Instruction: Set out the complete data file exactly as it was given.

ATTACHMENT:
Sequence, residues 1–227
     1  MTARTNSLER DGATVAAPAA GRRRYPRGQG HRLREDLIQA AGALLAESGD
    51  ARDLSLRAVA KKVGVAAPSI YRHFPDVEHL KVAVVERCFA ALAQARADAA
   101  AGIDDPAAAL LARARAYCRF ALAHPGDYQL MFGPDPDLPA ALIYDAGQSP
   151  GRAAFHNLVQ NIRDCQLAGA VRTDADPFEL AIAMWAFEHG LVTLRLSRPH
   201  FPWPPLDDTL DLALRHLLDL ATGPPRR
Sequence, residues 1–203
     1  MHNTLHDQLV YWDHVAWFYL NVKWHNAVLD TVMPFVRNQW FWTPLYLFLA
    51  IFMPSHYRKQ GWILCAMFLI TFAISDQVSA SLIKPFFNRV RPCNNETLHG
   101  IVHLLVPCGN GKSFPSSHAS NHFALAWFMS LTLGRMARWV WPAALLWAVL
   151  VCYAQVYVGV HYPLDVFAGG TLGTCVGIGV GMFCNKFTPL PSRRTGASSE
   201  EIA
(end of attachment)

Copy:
Sequence, residues 1–227
     1  MTARTNSLER DGATVAAPAA GRRRYPRGQG HRLREDLIQA AGALLAESGD
    51  ARDLSLRAVA KKVGVAAPSI YRHFPDVEHL KVAVVERCFA ALAQARADAA
   101  AGIDDPAAAL LARARAYCRF ALAHPGDYQL MFGPDPDLPA ALIYDAGQSP
   151  GRAAFHNLVQ NIRDCQLAGA VRTDADPFEL AIAMWAFEHG LVTLRLSRPH
   201  FPWPPLDDTL DLALRHLLDL ATGPPRR
Sequence, residues 1–203
     1  MHNTLHDQLV YWDHVAWFYL NVKWHNAVLD TVMPFVRNQW FWTPLYLFLA
    51  IFMPSHYRKQ GWILCAMFLI TFAISDQVSA SLIKPFFNRV RPCNNETLHG
   101  IVHLLVPCGN GKSFPSSHAS NHFALAWFMS LTLGRMARWV WPAALLWAVL
   151  VCYAQVYVGV HYPLDVFAGG TLGTCVGIGV GMFCNKFTPL PSRRTGASSE
   201  EIA